If female-fronted lawyer shows are your bag (and why wouldn’t they be!), the twin joys of The Split and The Good Fight have marvellous to behold
“Kill all the lawyers”
If I’m completely honest, Abi Morgan’s The Split did leave me a tad disappointed as it veered away from its legal beginnings to something considerably more soapy over its six episodes. The personal lives of the Defoe clan well and truly took over at the expense of any of the cases they were looking after and even if that family includes Nicola Walker, Annabel Scholey and Deborah Findlay, it’s still a bit of a shame that it ended up so schlocky. Continue reading “TV Review: The Split / The Good Fight”
“In my experience, whenever somebody says ‘the truth is’ that usually means it’s not”
Lots to love in The Good Fight, not least its very existence as a female-led, POC-heavy US drama, unafraid to tackle the most modern of issues, as its parent show The Good Wife did in its prime. And over the 10 episodes of its first season, it has proved an engaging and entertaining watch in the midst of finding its feet about the kind of show it actually wants to be. (You can read my thoughts about Episodes 1 and 2 here).
The Good Fight tried to achieve a lot – establishing a large new ensemble, delivering enough storyline for three lead characters, paying adequate but not overbearing fan service to Good Wife devotees, and coming up with up-to-the-minute cases-of-the week. And I think we can say it did most this fairly successfully. Christine Baranski’s Diane Lockhart and her statement necklaces remaining a shining beacon of light in our cold, dark world. Continue reading “TV Review: The Good Fight Series 1”
The Olivier Awards 2017 has announced the list of people who’ll be handing out awards at the ceremony, hosted by Jason Manford of all people, on Sunday 9th April in the august surroundings of the Royal Albert Hall.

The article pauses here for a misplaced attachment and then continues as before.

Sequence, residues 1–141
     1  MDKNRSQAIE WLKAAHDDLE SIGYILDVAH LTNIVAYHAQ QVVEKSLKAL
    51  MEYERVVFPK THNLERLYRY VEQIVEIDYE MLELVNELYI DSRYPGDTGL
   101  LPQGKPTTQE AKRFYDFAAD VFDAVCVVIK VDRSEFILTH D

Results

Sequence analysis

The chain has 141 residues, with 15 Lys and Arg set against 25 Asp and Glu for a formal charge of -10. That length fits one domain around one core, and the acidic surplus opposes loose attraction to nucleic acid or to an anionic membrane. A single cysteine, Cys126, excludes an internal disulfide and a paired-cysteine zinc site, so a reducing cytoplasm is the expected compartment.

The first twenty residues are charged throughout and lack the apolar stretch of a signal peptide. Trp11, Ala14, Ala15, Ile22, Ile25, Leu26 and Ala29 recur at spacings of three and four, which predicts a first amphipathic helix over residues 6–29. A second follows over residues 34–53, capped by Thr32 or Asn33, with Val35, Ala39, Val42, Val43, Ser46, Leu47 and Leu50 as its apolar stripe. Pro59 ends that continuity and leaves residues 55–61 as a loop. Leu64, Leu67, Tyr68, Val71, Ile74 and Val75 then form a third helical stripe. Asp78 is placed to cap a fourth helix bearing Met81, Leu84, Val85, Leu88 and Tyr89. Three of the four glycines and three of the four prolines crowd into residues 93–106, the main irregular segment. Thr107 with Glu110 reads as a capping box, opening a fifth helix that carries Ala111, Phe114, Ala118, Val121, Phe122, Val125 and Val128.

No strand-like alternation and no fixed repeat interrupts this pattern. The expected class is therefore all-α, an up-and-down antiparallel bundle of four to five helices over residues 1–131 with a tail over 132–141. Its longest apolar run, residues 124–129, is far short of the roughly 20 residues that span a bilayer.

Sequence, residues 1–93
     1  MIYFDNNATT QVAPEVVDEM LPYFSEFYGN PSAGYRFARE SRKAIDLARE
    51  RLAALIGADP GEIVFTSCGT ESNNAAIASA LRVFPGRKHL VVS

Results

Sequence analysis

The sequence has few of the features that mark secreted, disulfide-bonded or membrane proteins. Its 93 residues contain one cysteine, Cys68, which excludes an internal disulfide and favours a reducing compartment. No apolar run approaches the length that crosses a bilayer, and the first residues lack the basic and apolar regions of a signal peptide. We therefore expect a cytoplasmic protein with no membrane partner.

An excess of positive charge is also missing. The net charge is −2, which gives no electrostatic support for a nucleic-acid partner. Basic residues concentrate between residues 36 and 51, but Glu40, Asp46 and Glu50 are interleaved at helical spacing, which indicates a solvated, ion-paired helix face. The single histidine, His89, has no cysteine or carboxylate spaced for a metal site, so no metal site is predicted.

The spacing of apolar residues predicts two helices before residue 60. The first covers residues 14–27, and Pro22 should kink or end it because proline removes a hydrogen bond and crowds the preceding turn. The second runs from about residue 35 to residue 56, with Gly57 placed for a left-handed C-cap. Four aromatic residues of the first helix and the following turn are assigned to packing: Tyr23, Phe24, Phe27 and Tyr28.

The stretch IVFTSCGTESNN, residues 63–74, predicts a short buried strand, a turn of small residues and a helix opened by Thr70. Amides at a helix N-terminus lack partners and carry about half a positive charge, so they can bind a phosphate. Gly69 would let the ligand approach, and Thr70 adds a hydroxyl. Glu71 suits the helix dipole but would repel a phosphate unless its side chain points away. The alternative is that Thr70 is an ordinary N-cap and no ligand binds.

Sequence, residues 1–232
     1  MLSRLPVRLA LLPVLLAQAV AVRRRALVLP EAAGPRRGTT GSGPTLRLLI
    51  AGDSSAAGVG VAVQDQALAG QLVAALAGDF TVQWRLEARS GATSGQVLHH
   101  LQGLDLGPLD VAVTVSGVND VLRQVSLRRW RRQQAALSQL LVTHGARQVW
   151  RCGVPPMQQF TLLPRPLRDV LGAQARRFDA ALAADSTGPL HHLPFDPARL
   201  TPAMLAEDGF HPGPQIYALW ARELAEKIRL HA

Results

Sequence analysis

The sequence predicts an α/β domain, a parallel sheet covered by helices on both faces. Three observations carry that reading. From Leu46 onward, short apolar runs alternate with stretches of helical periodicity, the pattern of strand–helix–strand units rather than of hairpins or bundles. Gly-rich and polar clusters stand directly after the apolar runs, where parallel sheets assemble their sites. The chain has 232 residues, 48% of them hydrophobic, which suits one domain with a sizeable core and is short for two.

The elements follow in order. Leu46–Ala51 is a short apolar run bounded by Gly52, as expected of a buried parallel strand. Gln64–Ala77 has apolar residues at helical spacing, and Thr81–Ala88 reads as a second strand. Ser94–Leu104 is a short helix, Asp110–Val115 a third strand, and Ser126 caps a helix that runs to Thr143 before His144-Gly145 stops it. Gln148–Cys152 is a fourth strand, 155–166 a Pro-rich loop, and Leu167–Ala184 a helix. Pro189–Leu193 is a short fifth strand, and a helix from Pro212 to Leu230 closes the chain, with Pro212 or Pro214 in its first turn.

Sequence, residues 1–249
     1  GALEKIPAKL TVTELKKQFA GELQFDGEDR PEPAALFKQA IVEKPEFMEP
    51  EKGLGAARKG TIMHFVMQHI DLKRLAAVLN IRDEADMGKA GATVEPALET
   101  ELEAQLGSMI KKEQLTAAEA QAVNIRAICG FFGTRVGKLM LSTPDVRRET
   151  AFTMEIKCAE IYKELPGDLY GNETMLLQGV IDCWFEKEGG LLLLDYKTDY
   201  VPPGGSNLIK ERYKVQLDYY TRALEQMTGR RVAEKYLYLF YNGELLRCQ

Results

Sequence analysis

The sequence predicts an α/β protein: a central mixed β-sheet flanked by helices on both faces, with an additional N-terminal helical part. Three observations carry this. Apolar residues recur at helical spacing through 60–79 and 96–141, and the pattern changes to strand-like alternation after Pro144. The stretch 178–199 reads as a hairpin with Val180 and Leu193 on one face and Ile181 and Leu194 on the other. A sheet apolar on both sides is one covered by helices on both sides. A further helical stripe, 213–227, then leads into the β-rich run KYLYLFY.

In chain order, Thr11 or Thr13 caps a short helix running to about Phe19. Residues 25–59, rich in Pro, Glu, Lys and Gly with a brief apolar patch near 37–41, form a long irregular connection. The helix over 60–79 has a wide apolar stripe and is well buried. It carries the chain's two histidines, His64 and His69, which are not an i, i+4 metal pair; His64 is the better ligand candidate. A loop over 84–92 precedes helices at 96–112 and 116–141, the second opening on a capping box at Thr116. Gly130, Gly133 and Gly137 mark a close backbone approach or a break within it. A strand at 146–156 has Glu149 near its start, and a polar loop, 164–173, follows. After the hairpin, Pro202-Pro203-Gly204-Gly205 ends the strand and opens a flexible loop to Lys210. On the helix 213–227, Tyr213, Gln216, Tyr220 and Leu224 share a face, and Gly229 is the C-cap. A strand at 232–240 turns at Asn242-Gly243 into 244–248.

Presenters this year include – deep breath – David Baddiel, Alfie Boe, John Boyega, Michaela Coel, Leanne Cope, Julian Clary, Robert Fairchild, Ben Forster, Phoebe Fox, Andrew Garfield, Denise Gough, Matt Henry, Ruthie Henshall, Amanda Holden, Rufus Hound, Cush Jumbo, Nathan Lane, Rose Leslie, Maureen Lipman, Danny Mac, Audra McDonald, Lin-Manuel Miranda, Laura Mvula, Paul O’Grady, Tracy-Ann Oberman, Sophie Okonedo, Charlotte Ritchie, Mark Rylance and Russell Tovey. Continue reading “News: Olivier Awards presenters revealed”
“Diane, when did you get so cynical?”
I hadn’t intended to write about this spin-off from The Good Wife but its opening two episodes were just too full of insane goodness impossible to ignore – I mean just look at that poster art for one. The earlier seasons of The Good Wife were fantastic, US network television close to its best, but the show definitely lost some of its sparkle as its core ensemble collapsed and none of the replacement cast members were able to deal with the unchecked gravitational vortex of its key star Julianna Margulies as Saint Alicia Florrick.
Two victims of this were Christine Baranski’s Diane Lockhart, in there from the beginning and much abused by the end, and Cush Jumbo’s Lucca Quinn whose arrival in the seventh and final season promised much but ultimately suffered from writing that would not, could not, allow her independence from Florrick. So it is tempting to see The Good Fight as an apologia from series creators Robert King and Michelle King as, along with Rose Leslie’s newcomer Maia Rindell, they form the three leads of a brand new ensemble show that is serving up life! Continue reading “TV Review: The Good Fight Episodes 1 + 2”
“So, because you can’t believe it’s true, logically it’s false”
So the second and final part of Series 4 of Luther is done and well, it’s hard not to feel a little shortchanged. There’s been chatter about a movie and given that we only got 2 hours of screentime here, it’s hard to see why creator Neil Cross and star Idris Elba opted for a single two-parter split over two weeks as opposed the fiercer energy that a feature-length epic would surely have borne.
Episode 1 aired last week and did a decent job of pulling us back into the world of DCI John Luther, delving back into the show’s mythology and the tangled web of his own past but also moving forward with the dastardly exploits of a new serial killer, which proved to be the main hook for Luther’s return from semi-retirement. Part Two continues the blend, as John Heffernan’s marvellously malevolent cannabalistic killer continues his rampage and Luther deals with the past impinging severely on his present. Continue reading “TV Review: Luther (Series 4, Episode 2)”